Lesser Waxmoth Achroia grisella (near right)... Is by far the most
common type and by sheer weight of numbers it probably causes the most
Greater Waxmoth Galleria mellonella (left)... Is less common, but
individuals are capable of doing many times as much damage as the
lesser type. It's larvae are so voracious and numerous that they can
wreak massive damage in a short time. The lasting damage to hive
woodwork is also much more severe than for the lesser species.
The debris has an unpleasant smell, cleaning up the damage
takes valuable time and the wax itself is lost as a product.
As far as the bees are concerned, in the natural situation
they are a method by which old comb, which may carry disease, is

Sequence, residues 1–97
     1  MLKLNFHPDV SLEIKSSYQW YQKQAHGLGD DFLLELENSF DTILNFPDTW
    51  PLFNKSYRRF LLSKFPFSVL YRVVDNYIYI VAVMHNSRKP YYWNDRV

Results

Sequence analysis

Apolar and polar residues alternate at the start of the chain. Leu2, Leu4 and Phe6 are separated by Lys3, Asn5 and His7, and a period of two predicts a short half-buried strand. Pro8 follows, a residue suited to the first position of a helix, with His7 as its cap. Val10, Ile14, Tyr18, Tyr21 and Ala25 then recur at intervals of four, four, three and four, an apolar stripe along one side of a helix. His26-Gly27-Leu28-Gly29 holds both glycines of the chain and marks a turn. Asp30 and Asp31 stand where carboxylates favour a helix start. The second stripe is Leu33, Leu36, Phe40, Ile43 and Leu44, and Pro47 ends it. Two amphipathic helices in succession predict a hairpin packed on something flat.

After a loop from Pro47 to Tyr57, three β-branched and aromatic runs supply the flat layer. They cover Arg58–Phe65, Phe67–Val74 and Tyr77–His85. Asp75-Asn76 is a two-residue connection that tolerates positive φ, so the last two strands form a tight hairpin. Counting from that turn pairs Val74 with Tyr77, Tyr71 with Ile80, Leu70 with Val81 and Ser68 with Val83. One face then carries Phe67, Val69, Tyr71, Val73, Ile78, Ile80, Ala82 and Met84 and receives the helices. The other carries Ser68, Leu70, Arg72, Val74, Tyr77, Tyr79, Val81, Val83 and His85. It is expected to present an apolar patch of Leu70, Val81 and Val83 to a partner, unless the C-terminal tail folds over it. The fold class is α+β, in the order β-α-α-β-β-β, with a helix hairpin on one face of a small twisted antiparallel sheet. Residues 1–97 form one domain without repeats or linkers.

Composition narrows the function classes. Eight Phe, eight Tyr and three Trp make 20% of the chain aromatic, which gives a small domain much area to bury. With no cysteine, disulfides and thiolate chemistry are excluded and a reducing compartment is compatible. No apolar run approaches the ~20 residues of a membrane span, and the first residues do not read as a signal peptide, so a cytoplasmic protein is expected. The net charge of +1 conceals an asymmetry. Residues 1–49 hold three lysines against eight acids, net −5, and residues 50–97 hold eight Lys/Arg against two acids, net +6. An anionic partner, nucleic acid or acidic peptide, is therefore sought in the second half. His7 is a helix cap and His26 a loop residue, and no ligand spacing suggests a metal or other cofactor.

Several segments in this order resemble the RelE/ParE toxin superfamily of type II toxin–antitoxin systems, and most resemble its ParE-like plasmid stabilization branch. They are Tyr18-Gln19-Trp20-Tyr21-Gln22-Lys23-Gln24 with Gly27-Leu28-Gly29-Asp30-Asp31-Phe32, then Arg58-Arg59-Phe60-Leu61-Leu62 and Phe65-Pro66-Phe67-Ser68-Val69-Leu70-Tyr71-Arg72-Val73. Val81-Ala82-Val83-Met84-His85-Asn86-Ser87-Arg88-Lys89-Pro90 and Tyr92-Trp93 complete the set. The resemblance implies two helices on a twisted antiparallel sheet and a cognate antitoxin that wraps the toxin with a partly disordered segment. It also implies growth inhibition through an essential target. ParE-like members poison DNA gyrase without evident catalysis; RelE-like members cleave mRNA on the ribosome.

destroyed thus recovering space in the nest for new comb after the
abandonment of the original old ones.
Beekeepers often consider the wax moth as a nuisance,
particularly in stored comb. Young larvae tunneling just underneath
the cappings can cause leakage and weeping of honey. But in general
wax moths are only a big problem in weak colonies, or those that are
The links above left will give you a good idea of how to
deal with them, but do not expect to be able to eliminate them entirely,
however by observing hygiene and being vigilant you will reduce the
damage that they cause to an acceptable level. Those beekeepers that
claim they will kill colonies are probably trying to cover up their
own miss-management. Strong, well managed colonies will themselves do
most of the work required to limit the pest.
Originated... 24 January 2002, Written... 09-11 June 2002